With these details sorted out, the imperial court could now turn its attention to preparing the cathedral itself. The job was entrusted to the architects Percier and Fontaine, who divided the space into two distinct centers; at one end, near the cathedral chancel, a space was prepared for the religious aspect of the ceremony. Here, the papal throne was installed to the left of the altar, and room was made for the cardinals, archbishops, and other attendant clergy members. In the middle, a prie-dieu was set up so the emperor and empress could kneel before the pope. At the opposite end of the church, near the great nave, a second space was prepared for the secular part of the ceremony. Here, a grand imperial throne was built beneath a triumphal arc decorated with eagles and draped in red velvet. This part of the cathedral was decked out with ancient Greek and Roman imagery, so that an observer would subliminally connect Napoleon with ancient heroes like Alexander the Great. Between the secular and religious areas was enough space for the 6,000 invited guests.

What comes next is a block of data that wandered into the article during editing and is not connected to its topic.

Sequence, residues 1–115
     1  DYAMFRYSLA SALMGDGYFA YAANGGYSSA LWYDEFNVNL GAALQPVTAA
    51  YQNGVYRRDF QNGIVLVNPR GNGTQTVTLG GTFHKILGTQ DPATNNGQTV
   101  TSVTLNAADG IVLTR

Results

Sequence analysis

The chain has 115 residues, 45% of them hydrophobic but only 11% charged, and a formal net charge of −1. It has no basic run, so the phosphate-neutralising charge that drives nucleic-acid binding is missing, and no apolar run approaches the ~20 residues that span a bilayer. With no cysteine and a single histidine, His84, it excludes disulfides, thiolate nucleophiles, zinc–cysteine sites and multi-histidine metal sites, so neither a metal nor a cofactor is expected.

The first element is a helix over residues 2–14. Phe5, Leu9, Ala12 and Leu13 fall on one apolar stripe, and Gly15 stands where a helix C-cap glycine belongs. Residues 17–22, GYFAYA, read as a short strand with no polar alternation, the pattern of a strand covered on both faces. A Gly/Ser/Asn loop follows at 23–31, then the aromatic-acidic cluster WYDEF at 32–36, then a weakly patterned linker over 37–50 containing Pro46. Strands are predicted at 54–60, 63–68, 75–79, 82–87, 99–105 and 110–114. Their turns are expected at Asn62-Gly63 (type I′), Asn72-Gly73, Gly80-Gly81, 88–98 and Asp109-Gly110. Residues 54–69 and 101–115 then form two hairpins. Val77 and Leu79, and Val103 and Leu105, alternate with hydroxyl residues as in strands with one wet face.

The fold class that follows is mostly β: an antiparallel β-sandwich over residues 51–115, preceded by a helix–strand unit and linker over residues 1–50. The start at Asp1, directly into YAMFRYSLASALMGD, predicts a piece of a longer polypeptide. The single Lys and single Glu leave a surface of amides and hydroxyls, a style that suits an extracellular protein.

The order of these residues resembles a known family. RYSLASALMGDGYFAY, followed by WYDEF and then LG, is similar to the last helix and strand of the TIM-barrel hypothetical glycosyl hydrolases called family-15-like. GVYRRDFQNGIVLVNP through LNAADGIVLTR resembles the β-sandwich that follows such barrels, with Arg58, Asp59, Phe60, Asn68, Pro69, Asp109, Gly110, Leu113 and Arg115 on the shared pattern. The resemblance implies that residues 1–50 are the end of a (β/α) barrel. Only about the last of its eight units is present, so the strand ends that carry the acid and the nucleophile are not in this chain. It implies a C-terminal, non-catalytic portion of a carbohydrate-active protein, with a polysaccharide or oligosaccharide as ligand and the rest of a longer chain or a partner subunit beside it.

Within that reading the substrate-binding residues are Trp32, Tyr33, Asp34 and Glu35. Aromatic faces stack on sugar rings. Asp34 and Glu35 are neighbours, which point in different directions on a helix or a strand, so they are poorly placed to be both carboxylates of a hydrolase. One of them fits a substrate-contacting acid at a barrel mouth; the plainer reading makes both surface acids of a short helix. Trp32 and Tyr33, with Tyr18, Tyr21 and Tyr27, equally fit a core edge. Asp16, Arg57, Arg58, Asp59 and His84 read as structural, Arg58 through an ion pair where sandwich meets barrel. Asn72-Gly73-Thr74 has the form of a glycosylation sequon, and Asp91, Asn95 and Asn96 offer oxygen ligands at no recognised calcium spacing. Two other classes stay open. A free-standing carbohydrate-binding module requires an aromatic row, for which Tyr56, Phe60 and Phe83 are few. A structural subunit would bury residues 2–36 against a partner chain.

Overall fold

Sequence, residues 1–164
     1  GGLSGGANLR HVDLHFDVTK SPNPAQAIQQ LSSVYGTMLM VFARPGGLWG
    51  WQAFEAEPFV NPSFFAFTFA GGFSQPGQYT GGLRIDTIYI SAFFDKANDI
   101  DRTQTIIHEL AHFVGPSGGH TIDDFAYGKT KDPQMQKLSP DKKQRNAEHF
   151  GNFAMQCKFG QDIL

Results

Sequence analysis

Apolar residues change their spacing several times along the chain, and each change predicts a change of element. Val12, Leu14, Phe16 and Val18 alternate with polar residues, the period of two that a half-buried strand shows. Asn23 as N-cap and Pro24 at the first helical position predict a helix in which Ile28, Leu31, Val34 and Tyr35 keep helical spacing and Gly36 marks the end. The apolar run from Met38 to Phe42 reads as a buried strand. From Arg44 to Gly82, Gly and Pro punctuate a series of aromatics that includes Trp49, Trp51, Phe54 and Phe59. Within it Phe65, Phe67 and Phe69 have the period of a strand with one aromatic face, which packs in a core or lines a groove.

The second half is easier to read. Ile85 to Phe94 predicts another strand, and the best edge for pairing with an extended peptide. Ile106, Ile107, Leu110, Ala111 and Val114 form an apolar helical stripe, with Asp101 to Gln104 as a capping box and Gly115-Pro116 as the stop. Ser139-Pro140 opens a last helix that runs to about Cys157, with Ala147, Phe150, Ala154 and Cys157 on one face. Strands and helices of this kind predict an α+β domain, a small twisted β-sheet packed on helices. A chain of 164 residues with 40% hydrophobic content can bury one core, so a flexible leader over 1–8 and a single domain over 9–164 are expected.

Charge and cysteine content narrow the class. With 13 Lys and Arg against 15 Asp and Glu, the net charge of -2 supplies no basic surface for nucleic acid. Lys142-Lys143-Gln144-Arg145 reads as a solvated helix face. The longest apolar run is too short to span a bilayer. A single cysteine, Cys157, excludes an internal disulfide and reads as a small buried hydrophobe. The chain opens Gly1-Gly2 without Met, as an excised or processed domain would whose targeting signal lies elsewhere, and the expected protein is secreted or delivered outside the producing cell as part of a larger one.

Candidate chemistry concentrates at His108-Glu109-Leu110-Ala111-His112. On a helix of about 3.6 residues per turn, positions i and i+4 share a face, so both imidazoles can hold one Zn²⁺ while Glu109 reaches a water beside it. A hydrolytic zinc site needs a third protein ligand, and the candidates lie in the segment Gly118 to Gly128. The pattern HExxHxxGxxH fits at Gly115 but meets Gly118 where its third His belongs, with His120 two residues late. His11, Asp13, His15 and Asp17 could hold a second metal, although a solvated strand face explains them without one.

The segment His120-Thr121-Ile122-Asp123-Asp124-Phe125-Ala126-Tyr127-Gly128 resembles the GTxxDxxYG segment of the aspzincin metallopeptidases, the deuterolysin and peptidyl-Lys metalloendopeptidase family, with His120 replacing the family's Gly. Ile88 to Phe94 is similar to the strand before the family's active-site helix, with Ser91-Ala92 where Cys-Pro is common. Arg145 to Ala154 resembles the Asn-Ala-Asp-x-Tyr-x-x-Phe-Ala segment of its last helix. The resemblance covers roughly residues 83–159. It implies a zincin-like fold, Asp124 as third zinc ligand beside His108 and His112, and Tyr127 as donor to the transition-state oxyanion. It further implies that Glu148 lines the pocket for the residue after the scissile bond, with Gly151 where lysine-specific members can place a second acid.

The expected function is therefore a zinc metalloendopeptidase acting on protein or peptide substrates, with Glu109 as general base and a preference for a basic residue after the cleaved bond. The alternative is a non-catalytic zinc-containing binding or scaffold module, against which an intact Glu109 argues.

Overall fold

On 2 November, Pope Pius VII left Rome for Paris, and met Napoleon at the end of the month between Nemours and Fontainebleau. Napoleon was hardly an ideal Catholic; indeed, he had flirted with the idea of converting to Islam during his Egyptian campaign and had already made war on the Papal States and imprisoned Pius VII's predecessor. Yet the emperor recognized the importance of religion in such a ceremony and was aware that many of his new subjects favored reconciliation with the Church. The pope, for his part, was at first reluctant to officiate the coronation, but after much negotiation he was eventually persuaded to do so. One of his conditions was that the marriage of Napoleon and Joséphine had to be redone according to the rites of the Church; their wedding in 1796 had been a hasty state ceremony. Napoleon obliged, and his half-uncle, Cardinal Joseph Fesch, performed the religious nuptials on the night of 1 December. Satisfied, Pope Pius VII entered Paris side by side with the new French emperor.